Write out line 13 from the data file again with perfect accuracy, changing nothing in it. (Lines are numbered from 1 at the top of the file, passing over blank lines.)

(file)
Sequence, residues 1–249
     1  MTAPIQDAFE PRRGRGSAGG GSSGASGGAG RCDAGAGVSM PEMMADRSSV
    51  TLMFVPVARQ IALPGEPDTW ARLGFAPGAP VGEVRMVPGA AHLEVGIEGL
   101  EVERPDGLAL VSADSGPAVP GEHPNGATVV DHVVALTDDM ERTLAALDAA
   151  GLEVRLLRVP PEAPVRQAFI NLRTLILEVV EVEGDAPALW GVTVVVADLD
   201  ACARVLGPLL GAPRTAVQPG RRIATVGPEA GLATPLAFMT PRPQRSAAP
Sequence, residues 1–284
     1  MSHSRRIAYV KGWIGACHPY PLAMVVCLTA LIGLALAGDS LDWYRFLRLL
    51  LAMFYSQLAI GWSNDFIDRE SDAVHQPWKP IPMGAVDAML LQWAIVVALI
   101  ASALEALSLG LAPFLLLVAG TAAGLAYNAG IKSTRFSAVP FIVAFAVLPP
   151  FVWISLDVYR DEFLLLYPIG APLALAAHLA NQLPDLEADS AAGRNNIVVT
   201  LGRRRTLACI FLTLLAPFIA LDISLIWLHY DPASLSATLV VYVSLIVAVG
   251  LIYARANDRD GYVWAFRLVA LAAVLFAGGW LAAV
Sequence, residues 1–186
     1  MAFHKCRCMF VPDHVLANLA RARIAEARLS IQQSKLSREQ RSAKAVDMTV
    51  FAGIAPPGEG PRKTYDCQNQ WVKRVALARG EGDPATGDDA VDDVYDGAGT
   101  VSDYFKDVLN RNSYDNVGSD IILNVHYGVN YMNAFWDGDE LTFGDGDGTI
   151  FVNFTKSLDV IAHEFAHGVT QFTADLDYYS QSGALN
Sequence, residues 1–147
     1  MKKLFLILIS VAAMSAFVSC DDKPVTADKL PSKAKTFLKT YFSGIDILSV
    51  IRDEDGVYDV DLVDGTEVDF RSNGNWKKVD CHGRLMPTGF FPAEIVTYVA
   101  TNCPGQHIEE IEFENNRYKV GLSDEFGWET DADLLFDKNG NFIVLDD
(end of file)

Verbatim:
   251  LIYARANDRD GYVWAFRLVA LAAVLFAGGW LAAV